This was my Ash Wednesday sermon.
Lent is an interesting season. It's 40 days, excluding Sundays, of fasting, prayer, meditation and self-denial. Some people look on this season as something to be endured, a marathon of self-inflicted torture that saps all of the fun out of life until we get to Easter when we can return to normal. But returning to normal isn't the point of Lent.
The point of Lent is change.
Give generously, but don't tell anyone. Pray, but do so quietly. Fast, but don't make a show of it. Lent is the time when we examine our selves and our habits in the hopes of finding a better way of doing things.
Giving up sweets for Lent doesn't really accomplish anything. Why are we giving up sweets? If it's because we think we should suffer, we are off on the wrong foot. But if we see Lent as a season of change, and we give up sweets to change our eating habits, then we're onto something. That giving up should be balanced by a taking on, because giving up something often leaves a habitual hole that needs to be filled. Give up sweets. Eat baby carrots instead.
Some people, instead of giving up something, decide to take something on. This is a good idea as well. The problem though, is where are we going to find the extra time in our busy lives to cram one more thing that "we should do" into our schedule? That taking on should be balanced by a giving up. We are asked to read and meditate on God's holy Word. Take on reading the Bible. Give up TV for an hour.
Lent isn't about suffering and sacrifice. Lent is about change and balance. We are called to a period of fasting and self-denial because we have too much already. Those actions call to mind people who are perpetually hungry and constantly poor. Donate the money you would have spent eating out to the food bank. Balance what you have with what others do not.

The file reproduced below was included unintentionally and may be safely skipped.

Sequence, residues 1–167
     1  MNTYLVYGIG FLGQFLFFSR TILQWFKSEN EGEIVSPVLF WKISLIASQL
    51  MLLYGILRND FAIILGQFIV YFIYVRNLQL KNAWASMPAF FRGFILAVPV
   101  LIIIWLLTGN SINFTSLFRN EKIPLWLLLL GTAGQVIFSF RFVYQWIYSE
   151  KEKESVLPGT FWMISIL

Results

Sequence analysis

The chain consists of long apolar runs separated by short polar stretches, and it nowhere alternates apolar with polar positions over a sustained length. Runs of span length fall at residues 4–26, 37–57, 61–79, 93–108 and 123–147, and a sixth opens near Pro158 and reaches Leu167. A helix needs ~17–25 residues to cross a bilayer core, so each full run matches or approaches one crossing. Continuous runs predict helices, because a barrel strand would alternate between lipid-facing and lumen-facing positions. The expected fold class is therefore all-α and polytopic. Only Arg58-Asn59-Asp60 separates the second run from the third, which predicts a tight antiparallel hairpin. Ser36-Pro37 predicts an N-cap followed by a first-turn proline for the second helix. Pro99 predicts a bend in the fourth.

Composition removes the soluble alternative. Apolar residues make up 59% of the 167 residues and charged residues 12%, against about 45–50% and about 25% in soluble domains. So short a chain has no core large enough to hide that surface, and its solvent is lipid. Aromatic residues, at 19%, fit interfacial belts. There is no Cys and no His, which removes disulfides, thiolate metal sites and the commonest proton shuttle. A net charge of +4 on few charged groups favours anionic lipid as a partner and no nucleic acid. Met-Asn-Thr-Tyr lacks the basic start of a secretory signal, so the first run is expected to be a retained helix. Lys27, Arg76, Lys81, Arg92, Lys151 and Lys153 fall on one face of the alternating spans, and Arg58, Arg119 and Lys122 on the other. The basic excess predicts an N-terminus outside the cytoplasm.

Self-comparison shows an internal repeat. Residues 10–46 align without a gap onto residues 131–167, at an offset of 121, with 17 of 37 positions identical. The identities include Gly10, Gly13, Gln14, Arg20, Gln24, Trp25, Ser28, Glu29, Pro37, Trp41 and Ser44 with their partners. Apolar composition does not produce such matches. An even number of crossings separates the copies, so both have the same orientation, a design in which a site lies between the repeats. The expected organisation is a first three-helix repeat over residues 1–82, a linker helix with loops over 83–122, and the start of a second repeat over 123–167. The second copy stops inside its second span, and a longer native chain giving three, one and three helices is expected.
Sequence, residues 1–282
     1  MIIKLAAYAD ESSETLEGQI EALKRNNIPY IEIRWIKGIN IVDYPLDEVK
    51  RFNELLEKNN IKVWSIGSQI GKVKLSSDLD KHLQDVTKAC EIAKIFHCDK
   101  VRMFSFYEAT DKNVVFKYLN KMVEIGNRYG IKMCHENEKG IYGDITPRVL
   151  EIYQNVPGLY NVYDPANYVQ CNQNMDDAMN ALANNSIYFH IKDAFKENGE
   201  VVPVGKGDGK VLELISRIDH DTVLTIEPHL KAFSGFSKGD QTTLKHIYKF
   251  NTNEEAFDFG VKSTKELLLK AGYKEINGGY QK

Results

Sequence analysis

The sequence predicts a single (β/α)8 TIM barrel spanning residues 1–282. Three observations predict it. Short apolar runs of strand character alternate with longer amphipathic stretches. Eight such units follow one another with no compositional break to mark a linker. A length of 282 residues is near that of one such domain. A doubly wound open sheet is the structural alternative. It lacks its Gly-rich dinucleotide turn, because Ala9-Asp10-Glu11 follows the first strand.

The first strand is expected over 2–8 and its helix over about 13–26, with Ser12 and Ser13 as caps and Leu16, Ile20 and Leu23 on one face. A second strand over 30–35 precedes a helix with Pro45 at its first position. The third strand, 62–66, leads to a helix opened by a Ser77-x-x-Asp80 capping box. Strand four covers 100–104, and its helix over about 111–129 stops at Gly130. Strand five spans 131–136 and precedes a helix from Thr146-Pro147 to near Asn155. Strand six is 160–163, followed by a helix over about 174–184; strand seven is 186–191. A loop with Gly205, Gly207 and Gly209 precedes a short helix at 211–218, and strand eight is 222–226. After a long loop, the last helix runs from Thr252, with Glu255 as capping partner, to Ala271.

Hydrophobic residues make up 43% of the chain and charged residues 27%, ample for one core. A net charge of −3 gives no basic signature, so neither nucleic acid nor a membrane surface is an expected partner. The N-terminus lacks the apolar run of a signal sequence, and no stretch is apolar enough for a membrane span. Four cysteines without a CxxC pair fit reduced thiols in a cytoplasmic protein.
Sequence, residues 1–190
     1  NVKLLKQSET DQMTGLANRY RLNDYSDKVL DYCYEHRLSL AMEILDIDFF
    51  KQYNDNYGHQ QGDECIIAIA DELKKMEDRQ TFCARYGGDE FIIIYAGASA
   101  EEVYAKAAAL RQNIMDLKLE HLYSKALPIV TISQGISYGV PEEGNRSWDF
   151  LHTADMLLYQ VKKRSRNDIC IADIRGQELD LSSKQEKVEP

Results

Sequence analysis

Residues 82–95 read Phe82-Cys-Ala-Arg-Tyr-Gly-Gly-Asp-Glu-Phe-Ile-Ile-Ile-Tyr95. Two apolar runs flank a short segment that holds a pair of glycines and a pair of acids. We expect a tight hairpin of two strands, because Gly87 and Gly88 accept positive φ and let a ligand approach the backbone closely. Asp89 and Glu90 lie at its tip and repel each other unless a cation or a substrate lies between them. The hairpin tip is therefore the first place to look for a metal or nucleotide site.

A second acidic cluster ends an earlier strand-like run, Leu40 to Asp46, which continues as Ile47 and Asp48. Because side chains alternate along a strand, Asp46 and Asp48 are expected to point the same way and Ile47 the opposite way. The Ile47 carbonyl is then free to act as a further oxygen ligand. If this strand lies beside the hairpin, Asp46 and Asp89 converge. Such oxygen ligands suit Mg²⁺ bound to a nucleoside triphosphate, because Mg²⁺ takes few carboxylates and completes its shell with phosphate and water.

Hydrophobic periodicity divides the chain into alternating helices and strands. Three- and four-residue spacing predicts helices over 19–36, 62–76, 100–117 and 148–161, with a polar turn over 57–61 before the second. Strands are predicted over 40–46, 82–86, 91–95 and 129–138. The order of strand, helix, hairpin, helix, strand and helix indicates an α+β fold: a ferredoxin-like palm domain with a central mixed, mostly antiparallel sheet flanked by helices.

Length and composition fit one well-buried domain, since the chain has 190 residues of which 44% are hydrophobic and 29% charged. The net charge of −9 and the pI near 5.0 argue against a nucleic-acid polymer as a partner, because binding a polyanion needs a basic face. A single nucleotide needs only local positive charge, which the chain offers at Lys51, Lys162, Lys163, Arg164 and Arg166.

Over the course of a year, we have a tendency to get out of balance. Meeting with friends over coffee is a good thing. But when we get to the point where we can't function without a double mocha latte grande skinny with a touch of caramel java juice (or whatever they're called) at $7 a cup, we've gotten out of balance. Find something else to do with the money. And if that feels like self-denial, so be it.
I said Lent is an interesting season, and I think that's because of the push/pull feel to it. Fast, but don't let it show. Pray, but do so quietly in your own home. Give money, but don't let your right hand know what your left hand is doing. Those actions are what make Lent introspective.
Why do you do what you do? Why do you fast? Why do you give money? Why do you pray? Only you can answer these things. Self-denial and sacrifice are important aspects to Lent; but they mean nothing if they don't lead to a deeper relationship with God or a deeper understanding of your faith.
Lent is about change and balance. How will you be changed and reclaim balance in your life this Lenten season?
Friday, February 23, 2007
This was my Ash Wednesday sermon.
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